A forced sale of a property by a financial institution, is known as foreclosure. If for any reason at the time when you were buying a house you were not able to pay the full price, then most owners use a third party to provide additional funds to complete the sale. As a result, the owner must pay off the borrowed funds, this is called a mortgage.
If the owner of the real estate cannot pay under the loan agreement on his or her mortgage, the bank or other holder of the lien may begin the process of collecting the debt to seize the property to pay off this same debt. Many mortgages have an accelerated mortgage payment requirement.
This condition often causes a premature buyback action. This type of clause allows the bank or mortgage holder to announce the payment of the entire loan amount if the house owner has missed a certain number of payments. Typically, an owner needs to be notified before a credit institution can apply the acceleration clause.
The collection process is a lawsuit brought by a bank or a creditor to forcibly sell the house to pay off debt. In most cases, the court will decide to sell the property after determining the actual balance of the loan (accrued interest is included).
The proceeds from the sale of your house will then be applied to the outstanding debt. If its value is less than the outstanding debt, you can still be in debt to the credit institution, depending on the conditions of the initial loan. As the owner, you have the right to pay the bank before selling the mortgaged real estate to preserve your property.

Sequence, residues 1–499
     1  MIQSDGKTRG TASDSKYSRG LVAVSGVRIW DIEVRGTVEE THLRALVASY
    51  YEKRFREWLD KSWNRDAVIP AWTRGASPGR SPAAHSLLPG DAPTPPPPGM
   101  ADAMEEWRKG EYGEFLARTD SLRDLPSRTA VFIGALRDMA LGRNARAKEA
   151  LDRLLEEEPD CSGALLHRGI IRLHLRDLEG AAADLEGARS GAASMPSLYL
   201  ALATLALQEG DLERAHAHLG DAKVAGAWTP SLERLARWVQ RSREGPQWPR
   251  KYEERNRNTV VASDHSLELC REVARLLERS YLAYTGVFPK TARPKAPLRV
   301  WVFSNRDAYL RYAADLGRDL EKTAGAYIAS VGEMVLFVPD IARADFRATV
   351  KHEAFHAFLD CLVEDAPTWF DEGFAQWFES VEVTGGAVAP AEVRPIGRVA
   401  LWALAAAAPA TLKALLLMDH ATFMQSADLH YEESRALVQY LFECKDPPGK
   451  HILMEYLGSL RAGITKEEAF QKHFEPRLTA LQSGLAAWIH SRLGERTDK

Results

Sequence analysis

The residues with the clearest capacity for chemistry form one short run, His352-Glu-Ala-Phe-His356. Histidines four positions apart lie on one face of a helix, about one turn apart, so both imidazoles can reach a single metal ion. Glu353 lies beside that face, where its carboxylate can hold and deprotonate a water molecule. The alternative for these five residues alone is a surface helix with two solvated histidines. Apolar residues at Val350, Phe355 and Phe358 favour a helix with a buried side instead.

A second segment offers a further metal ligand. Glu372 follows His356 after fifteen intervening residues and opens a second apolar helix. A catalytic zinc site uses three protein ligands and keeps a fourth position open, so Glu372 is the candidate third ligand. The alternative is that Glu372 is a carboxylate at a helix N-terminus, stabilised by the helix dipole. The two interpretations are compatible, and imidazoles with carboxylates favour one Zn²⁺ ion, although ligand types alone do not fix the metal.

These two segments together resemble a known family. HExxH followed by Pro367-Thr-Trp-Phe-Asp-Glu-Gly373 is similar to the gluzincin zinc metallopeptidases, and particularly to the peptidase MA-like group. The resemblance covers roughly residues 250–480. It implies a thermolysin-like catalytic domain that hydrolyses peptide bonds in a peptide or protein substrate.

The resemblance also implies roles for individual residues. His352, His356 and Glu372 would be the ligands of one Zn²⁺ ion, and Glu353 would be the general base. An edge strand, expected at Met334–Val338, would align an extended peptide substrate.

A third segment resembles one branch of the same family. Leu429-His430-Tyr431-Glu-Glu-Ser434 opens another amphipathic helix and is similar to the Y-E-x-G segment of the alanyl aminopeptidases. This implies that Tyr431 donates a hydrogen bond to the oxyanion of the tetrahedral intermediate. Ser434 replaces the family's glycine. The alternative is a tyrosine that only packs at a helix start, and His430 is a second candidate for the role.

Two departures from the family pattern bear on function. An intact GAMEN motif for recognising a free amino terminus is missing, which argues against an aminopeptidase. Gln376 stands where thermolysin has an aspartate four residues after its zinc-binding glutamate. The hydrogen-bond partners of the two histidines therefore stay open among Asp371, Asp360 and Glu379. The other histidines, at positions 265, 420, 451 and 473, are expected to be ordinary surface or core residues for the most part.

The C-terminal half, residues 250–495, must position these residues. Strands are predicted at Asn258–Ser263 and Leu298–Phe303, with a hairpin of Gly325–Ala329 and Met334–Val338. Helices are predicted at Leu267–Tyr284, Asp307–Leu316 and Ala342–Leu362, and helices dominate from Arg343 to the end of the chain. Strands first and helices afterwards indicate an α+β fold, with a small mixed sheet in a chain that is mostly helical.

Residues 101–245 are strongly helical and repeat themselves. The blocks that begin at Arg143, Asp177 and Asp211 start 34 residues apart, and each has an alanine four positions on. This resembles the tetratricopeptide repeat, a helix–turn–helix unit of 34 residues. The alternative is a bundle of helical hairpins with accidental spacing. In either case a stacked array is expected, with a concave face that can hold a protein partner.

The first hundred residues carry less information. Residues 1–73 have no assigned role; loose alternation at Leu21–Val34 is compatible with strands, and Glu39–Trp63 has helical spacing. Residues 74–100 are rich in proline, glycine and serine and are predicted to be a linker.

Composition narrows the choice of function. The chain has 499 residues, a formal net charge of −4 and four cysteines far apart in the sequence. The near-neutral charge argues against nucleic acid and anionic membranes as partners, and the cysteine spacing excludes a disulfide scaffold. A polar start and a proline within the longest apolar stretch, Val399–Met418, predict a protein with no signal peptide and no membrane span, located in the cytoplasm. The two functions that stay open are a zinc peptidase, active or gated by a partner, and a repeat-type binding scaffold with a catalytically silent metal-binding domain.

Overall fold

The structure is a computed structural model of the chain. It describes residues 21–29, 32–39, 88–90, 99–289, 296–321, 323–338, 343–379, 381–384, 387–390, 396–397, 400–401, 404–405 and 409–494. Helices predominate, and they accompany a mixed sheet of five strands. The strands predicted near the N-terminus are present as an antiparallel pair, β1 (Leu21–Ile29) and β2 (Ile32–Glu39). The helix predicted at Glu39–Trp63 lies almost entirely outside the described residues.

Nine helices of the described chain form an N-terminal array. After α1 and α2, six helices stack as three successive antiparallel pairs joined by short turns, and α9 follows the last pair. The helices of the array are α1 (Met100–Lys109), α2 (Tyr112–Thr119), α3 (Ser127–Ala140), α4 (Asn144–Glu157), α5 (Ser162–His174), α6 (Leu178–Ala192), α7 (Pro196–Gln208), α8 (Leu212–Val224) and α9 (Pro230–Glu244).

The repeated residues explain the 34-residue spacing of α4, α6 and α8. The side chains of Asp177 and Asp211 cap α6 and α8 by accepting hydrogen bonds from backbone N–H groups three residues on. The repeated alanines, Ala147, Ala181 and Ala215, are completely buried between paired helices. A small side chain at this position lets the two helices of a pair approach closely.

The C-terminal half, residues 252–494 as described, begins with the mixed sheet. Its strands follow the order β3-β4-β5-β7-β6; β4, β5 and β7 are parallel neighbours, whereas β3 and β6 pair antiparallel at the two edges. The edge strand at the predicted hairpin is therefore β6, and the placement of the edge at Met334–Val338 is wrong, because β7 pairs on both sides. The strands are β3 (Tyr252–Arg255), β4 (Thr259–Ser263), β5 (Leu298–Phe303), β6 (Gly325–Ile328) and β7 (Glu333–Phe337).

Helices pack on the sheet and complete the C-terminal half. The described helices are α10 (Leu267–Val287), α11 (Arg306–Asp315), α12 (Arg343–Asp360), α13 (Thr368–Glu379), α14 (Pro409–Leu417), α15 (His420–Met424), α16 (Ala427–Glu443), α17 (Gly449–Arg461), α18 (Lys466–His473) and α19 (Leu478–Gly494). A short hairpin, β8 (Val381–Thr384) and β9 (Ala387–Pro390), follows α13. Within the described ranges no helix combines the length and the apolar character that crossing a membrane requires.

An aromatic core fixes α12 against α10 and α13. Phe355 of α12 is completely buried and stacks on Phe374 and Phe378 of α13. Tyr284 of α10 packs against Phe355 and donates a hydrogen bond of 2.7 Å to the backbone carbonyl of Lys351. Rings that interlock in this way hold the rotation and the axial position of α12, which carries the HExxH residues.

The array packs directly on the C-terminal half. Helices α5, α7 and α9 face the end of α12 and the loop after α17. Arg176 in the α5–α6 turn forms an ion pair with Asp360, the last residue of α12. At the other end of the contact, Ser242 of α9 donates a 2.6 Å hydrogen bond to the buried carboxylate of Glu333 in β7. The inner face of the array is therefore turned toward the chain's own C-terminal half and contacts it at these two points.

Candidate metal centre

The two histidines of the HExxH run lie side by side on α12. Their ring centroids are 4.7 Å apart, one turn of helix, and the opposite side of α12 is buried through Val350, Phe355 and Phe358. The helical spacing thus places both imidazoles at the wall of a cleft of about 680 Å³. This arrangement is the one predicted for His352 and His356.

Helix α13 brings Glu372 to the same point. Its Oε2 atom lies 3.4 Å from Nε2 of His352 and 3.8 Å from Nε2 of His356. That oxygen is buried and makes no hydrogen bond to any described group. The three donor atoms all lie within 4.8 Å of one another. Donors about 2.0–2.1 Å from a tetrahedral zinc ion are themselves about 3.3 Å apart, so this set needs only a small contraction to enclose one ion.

A trusted attorney will help you in this complicated process and will explain all the issues. Even if the property is pledged and the obligation secured by it is not fulfilled, one creditor does not have the right to appropriate it.
The transfer of ownership can only take place by court order. However, this does not always stop unscrupulous creditors, who sometimes even completely unreasonably and prematurely consider a pledge of their property. Then the debtor has the right to appeal to the court not only because he or she is deprived of the opportunity to use the property, but also because real harm can be caused.
Contact foreclosure attorney
Since all this is a direct consequence of the contract, it’s better to contact foreclosure attorney who will study all its provisions in detail, as every contract has several loopholes: sometimes all deadlines or procedures are not followed, force majeure circumstances arise, which completely exempt the debtor from liability. The best decision is to turn to specialists, because if the property is really taken from your ownership, it will be much more difficult to return it.
A trusted attorney can help you in many ways throughout the process. He or she will not only protect you during the foreclosure process, but will also work with your lender to find alternatives that can help you stay in your home.